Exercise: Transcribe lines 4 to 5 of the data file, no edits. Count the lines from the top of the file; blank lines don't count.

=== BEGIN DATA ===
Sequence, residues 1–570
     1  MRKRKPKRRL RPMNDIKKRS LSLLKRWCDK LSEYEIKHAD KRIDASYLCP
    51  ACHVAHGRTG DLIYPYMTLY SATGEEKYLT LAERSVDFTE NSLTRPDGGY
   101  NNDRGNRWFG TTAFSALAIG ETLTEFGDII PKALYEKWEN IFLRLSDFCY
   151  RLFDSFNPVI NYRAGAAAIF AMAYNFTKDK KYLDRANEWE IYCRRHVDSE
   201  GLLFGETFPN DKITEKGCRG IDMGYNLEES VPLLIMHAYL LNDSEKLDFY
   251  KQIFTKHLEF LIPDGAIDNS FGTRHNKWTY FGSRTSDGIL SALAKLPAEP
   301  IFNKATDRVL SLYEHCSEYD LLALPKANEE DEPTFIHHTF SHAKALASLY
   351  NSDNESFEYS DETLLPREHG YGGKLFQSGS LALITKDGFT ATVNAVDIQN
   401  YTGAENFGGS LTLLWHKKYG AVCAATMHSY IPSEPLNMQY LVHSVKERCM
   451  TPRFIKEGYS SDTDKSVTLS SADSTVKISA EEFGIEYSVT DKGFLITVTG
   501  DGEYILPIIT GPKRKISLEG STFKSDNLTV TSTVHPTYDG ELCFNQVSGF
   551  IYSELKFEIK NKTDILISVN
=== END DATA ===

   101  NNDRGNRWFG TTAFSALAIG ETLTEFGDII PKALYEKWEN IFLRLSDFCY
   151  RLFDSFNPVI NYRAGAAAIF AMAYNFTKDK KYLDRANEWE IYCRRHVDSE